Roads, public safety top priorities for city

Having watched its sales-tax revenue drop like so many Western Slope gas drilling rigs,

Grand Junction is lining up with thousands of other communities across the country for a chance at federal stimulus dollars, hoping for a financial shot in the arm in the form of new construction projects.

City officials last week responded to a letter from U.S. Sen. Mark Udall, D-Colo., asking for a list of their top five stimulus requests.

Here’s a look at the projects, ranked in order from most expensive to least expensive:

Fire stations

• Cost: $15 million

• Status: Awaiting grant criteria

Since voters rejected two tax measures last fall that would have paid for $98 million in new public safety buildings and improvements, the city hopes to pay for a sliver of that initiative through stimulus grants.
The money would go toward the construction of a new Fire Station
No. 1 downtown and the remodel of Fire Station No. 2 at 28 1/4 and Patterson roads.
Fire Station No. 1 was built in 1962. City officials wrote in their letter that a new station would provide additional space for personnel and equipment, create separate living quarters for men and women, and decrease response times.
The city is prepared to build the new station immediately, having spent $1.3 million already for land purchases, design and preliminary site work.

New 800 MHz system

• Cost: $9.6 million

• Status: Application submitted

The city wants the money to convert the Grand Junction Regional Communication Center to an 800 megahertz system to communicate with the 19 law-enforcement and government agencies under its umbrella.
The 911 dispatch center uses VHF radio frequency, but the licensing for that system expires in 2012 and isn’t compatible with Colorado’s 800 MHz digital trunked radio system. Multiple agencies in surrounding jurisdictions outside Mesa County already have transitioned to 800 MHz, leaving Mesa County authorities unable to communicate and share information regionally during a critical incident.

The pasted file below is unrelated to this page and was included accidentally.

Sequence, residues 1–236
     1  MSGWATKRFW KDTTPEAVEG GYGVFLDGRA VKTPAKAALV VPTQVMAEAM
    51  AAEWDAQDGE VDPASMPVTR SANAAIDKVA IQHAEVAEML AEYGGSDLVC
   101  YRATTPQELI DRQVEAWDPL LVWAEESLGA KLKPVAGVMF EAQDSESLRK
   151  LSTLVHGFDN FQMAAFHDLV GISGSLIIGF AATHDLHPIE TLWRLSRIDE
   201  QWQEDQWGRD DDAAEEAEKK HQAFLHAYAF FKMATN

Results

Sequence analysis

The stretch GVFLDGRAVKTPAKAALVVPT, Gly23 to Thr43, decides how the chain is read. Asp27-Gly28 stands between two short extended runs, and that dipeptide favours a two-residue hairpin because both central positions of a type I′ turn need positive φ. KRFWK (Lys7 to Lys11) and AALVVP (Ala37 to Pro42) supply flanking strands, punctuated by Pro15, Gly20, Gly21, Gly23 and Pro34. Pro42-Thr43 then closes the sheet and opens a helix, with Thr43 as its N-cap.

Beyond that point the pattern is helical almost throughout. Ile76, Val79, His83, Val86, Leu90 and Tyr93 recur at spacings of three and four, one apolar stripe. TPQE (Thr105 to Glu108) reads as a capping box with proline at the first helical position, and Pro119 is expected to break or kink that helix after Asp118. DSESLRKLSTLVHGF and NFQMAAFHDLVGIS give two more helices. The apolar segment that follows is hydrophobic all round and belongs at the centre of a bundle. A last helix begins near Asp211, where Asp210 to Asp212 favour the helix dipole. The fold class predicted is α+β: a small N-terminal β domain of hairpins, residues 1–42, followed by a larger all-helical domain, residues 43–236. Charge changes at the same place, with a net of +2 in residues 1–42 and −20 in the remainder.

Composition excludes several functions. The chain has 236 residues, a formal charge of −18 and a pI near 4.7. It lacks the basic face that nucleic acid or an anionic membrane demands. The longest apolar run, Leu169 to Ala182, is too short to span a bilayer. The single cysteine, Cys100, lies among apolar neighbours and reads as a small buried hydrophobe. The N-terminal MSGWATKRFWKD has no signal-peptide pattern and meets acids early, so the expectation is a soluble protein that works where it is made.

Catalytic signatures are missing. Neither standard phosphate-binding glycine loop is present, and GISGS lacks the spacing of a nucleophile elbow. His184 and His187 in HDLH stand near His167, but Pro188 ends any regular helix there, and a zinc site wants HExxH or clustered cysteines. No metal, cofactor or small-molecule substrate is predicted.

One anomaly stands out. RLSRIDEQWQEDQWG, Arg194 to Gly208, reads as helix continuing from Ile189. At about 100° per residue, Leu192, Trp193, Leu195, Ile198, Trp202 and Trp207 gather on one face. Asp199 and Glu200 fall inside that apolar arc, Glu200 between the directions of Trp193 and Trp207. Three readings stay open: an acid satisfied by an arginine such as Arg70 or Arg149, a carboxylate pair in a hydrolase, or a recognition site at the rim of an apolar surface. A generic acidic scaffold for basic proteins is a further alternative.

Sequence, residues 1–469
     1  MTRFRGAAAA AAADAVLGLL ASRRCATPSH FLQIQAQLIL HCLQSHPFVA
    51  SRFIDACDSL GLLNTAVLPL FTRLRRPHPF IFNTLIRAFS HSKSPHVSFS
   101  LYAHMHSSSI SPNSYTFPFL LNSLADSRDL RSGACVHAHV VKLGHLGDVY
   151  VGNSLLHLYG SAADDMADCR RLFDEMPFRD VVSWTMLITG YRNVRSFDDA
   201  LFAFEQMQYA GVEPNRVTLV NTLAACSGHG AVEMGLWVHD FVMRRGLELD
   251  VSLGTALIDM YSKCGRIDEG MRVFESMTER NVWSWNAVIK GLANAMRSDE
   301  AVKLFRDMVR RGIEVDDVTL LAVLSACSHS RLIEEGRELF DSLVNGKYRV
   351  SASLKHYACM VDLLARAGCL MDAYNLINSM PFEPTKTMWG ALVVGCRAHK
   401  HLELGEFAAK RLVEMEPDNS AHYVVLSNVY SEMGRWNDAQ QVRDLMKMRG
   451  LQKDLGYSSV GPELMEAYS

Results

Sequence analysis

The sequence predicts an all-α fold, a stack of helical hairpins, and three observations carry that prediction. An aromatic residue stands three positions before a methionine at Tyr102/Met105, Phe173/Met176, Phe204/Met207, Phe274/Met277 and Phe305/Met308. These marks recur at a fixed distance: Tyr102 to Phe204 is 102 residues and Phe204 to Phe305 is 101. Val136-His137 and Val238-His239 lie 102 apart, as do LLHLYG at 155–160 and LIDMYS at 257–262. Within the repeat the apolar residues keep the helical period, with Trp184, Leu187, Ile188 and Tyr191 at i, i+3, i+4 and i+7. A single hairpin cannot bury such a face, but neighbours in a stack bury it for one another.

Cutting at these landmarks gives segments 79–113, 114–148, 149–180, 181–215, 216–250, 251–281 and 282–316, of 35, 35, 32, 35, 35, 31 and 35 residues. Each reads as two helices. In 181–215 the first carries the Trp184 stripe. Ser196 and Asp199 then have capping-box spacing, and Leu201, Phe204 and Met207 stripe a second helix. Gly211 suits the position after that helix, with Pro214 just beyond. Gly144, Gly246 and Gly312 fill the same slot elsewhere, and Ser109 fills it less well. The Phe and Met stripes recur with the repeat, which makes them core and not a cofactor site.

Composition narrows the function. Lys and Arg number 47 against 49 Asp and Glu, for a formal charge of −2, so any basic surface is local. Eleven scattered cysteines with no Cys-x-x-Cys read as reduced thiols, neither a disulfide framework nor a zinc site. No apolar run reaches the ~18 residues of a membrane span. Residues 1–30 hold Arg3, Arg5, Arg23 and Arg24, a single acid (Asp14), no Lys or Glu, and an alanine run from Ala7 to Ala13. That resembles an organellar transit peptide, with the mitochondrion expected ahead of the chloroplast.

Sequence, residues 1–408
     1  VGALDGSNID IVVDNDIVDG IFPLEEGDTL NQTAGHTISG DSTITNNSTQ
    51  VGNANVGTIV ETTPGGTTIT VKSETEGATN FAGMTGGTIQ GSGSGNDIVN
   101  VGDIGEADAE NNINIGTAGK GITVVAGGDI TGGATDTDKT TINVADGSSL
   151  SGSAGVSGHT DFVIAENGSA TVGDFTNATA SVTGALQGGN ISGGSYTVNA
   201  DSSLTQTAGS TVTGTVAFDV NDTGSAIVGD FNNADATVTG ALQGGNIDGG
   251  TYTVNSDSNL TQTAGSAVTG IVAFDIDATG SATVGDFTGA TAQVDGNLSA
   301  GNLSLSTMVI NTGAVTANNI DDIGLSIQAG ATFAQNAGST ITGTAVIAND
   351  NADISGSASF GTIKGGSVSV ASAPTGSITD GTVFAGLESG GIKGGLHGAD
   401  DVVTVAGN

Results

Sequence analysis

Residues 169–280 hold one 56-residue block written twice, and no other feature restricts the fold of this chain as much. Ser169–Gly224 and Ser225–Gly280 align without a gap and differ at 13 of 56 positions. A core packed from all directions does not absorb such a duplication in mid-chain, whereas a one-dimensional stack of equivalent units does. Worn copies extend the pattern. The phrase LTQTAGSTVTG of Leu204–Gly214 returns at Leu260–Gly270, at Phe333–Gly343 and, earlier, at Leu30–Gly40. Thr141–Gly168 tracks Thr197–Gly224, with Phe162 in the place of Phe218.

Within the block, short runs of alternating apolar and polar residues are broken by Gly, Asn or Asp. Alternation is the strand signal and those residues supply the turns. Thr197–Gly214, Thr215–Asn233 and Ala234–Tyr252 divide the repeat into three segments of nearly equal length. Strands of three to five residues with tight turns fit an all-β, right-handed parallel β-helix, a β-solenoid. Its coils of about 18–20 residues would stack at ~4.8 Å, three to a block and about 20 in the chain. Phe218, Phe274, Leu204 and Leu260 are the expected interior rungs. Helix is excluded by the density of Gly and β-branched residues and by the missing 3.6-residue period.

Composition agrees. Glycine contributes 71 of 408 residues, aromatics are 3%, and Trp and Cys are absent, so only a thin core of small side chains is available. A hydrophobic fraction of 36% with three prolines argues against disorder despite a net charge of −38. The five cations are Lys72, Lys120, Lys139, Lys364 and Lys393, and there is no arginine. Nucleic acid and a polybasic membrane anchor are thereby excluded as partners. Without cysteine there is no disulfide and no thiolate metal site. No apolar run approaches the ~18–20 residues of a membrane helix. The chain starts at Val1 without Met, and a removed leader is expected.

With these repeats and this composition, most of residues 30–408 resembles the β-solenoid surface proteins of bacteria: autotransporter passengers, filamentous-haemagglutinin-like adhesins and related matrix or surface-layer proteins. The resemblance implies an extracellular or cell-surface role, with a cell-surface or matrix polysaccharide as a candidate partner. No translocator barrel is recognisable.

29 Road viaduct

• Cost: $30 million

• Status: Awaiting grant criteria

Grand Junction and Mesa County together for the past few years have pursued the construction of a 29 Road viaduct over the Union Pacific railroad tracks to connect with the Interstate 70 Business Loop. The new road would provide a link between Orchard Mesa and Pear Park on the south and Fruitvale and north Grand Junction on the north.
“We see that as a continuation of the Riverside Parkway project,” Deputy City Manager Rich Englehart said. “That certainly is of high priority.”
Englehart said the city and county have completed virtually all of the pre-construction work, including an environmental assessment, the purchase of rights-of-way and the road design.

Compressed natural gas

• Cost: $4.1 million

• Status: Awaiting grant criteria

Operators of the Persigo Wastewater Treatment Plant want to convert the 100,000 cubic feet of methane the sewer plant burns off each day into compressed natural gas. The gas would then be stored at a fueling station to power government vehicles.
City officials say the program could offset the use of 142,000 gallons of gasoline annually.

New police officers

• Cost: $2.6 million

• Status: Application submitted

The dip in sales-tax revenue forced the city to institute a hiring freeze for several new positions, including in the Grand Junction Police Department. Officials hope to obtain funding that would allow them to fill five vacant positions and five new positions.
If the money comes through, the city would fill the vacancies in its patrol, traffic, school resource officer and training units. New officers would go into the school resource officer, investigations and street crimes units.


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